New York Health Officials Urge Vaccination After Polio Was Detected in Wastewater

Last month, the first case of polio was detected in the US in about a decade. Now New York health officials are encouraging everyone in the state to make sure they’re vaccinated after polio was detected in wastewater in two counties north of New York City.

The samples from wastewater are genetically linked to the case in the person who tested positive for polio in July, which suggests local transmission of the virus in that part of the state. Health officials stressed that this doesn’t mean the person who had polio last month is the source of transmission and that the investigation into the case is ongoing. 

But they also emphasized the need for everyone in New York, including the city and the larger metropolitan area, to get vaccinated if they weren’t as a child. “Based on earlier polio outbreaks, New Yorkers should know that for every one case of paralytic polio observed, there may be hundreds of other people infected,” State Health Commissioner Dr. Mary T.

Bassett said in a news release.  “Coupled with the latest wastewater findings, the Department is treating the single case of polio as just the tip of the iceberg of much greater potential spread,” she said. Polio is a viral disease that disabled more than 35,000 people each year in the 1940s before there was a vaccine.

It was declared eliminated from the US in 1979. Most people with polio have only mild or no symptoms, but others can become paralyzed or die.  Most people today would have been vaccinated against polio as children, and it’s a requirement for attending public schools in New York. However, Rockland County and Orange County, where polio has been detected in wastewater, have a polio vaccination rate of a little over 60% and about 59%, respectively, compared to the statewide average of about 79%, health officials said.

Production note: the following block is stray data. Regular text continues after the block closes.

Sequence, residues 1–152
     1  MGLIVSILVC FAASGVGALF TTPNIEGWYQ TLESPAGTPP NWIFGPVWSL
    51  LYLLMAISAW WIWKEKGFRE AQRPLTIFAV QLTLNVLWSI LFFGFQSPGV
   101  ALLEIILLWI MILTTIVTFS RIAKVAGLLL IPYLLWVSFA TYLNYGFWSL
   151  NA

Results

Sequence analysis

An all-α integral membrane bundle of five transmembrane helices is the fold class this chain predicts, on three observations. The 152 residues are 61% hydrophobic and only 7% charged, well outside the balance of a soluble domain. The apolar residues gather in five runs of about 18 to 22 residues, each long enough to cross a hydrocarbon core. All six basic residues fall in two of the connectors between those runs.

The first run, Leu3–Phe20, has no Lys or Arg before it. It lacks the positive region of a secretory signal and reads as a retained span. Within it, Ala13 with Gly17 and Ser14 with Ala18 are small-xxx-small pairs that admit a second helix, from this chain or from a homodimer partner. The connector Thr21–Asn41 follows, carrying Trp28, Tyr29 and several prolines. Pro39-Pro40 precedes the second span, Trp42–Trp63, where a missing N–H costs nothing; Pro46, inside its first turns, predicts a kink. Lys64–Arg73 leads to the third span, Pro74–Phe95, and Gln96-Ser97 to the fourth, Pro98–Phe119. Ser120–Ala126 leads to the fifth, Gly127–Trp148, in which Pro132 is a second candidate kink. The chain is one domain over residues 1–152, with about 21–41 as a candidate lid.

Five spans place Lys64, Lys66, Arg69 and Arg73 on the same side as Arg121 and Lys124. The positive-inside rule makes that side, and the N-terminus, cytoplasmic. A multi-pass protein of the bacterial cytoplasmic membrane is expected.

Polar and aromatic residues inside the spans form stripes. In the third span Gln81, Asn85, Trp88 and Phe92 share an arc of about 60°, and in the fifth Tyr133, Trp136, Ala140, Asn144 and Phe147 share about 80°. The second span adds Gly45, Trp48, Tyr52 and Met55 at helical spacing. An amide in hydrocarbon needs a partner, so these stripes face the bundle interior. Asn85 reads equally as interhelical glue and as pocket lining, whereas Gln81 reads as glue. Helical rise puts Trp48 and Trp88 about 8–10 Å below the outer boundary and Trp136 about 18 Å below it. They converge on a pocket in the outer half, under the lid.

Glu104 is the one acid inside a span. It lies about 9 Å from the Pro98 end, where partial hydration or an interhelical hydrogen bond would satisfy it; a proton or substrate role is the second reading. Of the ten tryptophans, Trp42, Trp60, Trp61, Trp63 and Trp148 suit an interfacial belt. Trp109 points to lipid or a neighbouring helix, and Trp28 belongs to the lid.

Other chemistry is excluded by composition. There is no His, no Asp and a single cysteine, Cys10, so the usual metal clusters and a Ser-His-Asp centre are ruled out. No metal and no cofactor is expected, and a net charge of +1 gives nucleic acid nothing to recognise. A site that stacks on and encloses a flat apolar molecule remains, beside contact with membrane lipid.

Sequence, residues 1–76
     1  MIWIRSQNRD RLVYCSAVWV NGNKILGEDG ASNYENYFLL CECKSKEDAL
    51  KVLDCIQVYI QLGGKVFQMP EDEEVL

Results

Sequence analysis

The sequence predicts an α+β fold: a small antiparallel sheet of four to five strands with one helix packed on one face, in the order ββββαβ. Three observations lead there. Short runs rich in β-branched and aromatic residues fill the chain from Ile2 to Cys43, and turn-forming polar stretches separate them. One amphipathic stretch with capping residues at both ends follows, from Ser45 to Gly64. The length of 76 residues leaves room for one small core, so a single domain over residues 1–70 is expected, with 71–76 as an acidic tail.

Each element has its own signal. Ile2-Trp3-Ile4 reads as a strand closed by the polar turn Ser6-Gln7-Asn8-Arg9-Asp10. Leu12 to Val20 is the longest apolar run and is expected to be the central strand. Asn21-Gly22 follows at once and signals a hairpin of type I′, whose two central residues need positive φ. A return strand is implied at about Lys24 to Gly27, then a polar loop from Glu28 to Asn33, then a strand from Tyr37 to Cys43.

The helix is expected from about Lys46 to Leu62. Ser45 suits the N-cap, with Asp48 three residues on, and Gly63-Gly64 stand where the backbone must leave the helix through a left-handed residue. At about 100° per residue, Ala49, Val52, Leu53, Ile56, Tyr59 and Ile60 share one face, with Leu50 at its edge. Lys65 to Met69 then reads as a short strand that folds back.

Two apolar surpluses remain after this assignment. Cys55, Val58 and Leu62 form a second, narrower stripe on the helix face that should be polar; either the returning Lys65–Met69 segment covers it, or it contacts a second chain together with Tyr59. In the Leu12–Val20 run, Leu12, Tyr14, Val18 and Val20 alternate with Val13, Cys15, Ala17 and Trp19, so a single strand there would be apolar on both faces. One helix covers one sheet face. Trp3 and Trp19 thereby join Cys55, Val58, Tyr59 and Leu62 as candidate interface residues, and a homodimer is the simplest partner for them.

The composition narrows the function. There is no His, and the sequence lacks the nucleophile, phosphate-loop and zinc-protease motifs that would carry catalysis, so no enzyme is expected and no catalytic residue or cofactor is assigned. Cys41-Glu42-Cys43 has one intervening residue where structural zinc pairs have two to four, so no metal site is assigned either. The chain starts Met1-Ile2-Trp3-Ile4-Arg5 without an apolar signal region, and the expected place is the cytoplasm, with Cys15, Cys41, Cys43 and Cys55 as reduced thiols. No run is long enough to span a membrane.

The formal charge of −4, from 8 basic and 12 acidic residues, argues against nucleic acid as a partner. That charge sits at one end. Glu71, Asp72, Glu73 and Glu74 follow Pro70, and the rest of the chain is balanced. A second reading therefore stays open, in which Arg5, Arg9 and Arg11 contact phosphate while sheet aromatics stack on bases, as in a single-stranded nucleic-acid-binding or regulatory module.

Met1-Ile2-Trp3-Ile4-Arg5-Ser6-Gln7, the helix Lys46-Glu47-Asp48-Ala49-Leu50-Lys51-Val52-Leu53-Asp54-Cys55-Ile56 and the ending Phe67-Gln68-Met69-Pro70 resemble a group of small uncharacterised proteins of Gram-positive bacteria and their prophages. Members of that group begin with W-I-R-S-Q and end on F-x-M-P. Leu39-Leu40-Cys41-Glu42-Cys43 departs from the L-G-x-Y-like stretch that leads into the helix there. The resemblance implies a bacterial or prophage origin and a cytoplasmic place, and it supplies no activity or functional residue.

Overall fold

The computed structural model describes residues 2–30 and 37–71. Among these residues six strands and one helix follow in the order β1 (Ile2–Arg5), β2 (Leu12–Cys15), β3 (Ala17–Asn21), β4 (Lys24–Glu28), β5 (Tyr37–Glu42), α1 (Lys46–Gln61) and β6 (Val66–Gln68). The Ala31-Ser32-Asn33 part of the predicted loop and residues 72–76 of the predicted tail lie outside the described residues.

There was also a measles outbreak in Rockland County in 2018-19 linked to lower-than-average vaccination rates.  The available vaccine for polio in the US — which is recommended as a four-dose series typically given from the ages of 2 months through 6 years — is 99% effective at preventing polio. While it’s not known how long the vaccine makes people immune to polio, according to the CDC, you’re likely protected for many years after vaccination.

Some adults, including those traveling to certain countries and some health care or lab workers, may have been recommended another vaccine after childhood.  New York’s health department recommends all children and babies start the vaccination series for polio immediately if they haven’t already. The health department also recommends adults get three doses of the polio vaccine if they’re unvaccinated, or are unsure whether they received the vaccine.

Adults should also get the last one or two doses if they started the polio vaccine series but didn’t finish, and some people who are at increased risk of getting polio may get a booster if they’ve already been vaccinated.

The information contained in this article is for educational and informational purposes only and is not intended as health or medical advice.

Always consult a physician or other qualified health provider regarding any questions you may have about a medical condition or health objectives.